random thoughts about environment


janitor / administrator
A few years ago there were complaints from local residents who moved on to a new subdivision and experienced smells coming from a nearby dairy feedlot. In response the farm operators put up signs pointing out the farm had been there long before builders bought the land across the highway from them - formerly cotton fields - and then developed it to build homes on so close by.

We'd always been surprised that developers would build close to a feedlot and assumed potential buyers must not have cared. Perhaps more likely they had failed to check and didn't appreciate that smells would be unavoidable. Most times we drove by the smell was intense and unmissable - we learned to turn off the air as we drove by to avoid trapping the smell! Caveat emptor!

I haven't read about whether ground-level solar farms negatively affect the countryside. These are a growing feature of open landscapes. I think animals can graze in the fields the panels stand in but I'm not sure about that. They must throw a degree of shadow on the ground below but I don't know if the amount is great and I don't know how much research has been done on the effects overall.

Clearly fields can't be used normally to grow harvestable crops but the wild areas that result would presumably be suitable for insects and small, wild animals and desert areas such as in Arizona crops need irrigation too hence growing would be doubly impractical. The shade that solar panels provide, though, may help protect plants, insects and animals from the fearsome sun. Those that are able to move usually seek out whatever shade and lower temperatures they can find and they might take advantage of these solar farms.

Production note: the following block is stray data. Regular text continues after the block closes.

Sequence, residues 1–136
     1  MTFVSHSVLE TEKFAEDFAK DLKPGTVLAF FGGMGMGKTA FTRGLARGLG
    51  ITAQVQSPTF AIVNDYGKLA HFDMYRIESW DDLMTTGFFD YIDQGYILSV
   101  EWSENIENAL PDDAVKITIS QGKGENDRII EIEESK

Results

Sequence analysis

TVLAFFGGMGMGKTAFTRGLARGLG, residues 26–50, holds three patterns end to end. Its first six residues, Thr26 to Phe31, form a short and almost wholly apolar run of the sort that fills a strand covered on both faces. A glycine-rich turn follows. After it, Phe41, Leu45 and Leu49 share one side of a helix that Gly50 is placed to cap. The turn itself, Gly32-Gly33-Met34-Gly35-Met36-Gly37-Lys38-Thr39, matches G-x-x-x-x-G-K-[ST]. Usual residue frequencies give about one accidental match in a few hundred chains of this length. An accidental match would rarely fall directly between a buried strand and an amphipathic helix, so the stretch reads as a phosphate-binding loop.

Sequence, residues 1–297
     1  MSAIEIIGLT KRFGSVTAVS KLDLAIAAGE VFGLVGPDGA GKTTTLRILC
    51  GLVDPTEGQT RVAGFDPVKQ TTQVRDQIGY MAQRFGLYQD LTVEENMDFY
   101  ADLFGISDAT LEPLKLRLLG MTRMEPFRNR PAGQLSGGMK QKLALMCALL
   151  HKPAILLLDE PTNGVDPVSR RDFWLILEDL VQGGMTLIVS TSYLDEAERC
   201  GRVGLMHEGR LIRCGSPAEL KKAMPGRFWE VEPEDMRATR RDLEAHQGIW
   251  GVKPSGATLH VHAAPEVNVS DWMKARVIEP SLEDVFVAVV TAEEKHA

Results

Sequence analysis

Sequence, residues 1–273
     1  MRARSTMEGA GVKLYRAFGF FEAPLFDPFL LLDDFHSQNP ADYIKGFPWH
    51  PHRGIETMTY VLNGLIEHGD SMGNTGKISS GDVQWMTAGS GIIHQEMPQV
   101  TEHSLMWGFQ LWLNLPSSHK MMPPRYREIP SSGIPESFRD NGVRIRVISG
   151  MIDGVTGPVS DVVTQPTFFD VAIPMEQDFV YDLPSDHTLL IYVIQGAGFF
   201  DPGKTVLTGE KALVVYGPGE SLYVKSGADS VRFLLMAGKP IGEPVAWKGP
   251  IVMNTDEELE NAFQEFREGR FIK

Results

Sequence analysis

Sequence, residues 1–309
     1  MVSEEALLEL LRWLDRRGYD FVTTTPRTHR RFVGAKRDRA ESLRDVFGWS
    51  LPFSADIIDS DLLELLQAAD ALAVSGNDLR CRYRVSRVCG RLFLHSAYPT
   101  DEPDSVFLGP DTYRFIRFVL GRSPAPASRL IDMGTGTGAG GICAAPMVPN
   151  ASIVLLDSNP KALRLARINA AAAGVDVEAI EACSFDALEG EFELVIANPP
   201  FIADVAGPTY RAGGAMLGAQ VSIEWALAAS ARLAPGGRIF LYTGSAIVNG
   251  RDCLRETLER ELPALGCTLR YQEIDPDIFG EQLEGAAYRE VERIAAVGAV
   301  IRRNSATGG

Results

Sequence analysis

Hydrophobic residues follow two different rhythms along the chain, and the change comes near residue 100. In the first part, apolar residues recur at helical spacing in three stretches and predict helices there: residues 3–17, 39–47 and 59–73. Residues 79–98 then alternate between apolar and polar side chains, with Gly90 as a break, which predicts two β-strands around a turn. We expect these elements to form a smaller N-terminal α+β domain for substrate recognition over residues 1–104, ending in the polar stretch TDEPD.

Our environment is constantly changing, some of the effects are natural and cyclical whereas others are very likely to be down to humankind's activities. Often it's hard to know what we should or shouldn't be doing as we seek to improve life in various ways. Sometimes, though, we DO know what we should and shouldn't do and then it gets really hard to persuade or legislate accordingly, opposition to proposals a certainty from one group or another.

Just as with climate change we know what's likely to be driving some of it but making the changes and making them quickly enough to be effective looks highly unlikely. Many negative aspects are already 'baked in' and even a total cessation of whatever activities have brought about the changes isn't going to stop them.

In the UK, field margins provide helpful areas for wildlife and can easily be managed given the willingness of those owning the land. Countryside stewardship involves costs, of course, so grants can encourage it and help those wanting to be involved. Elsewhere I don't have a clue what's happening - can anyone help?

My pet beef is the unnecessary cutting of road verges. There is no good reason to cut them other than over short strips for traffic safety where an unobstructed view of approaching vehicles is needed such as at road junctions/intersections.

In the US we've travelled along straight roads out in the open countryside whose verges were being mown back many feet, an activity that appeared pointless and ruined huge swathes of wildlife habitat. Other than providing work for someone - important for the individual of course - we could see no benefit other than needlessly to 'prettify' the roads.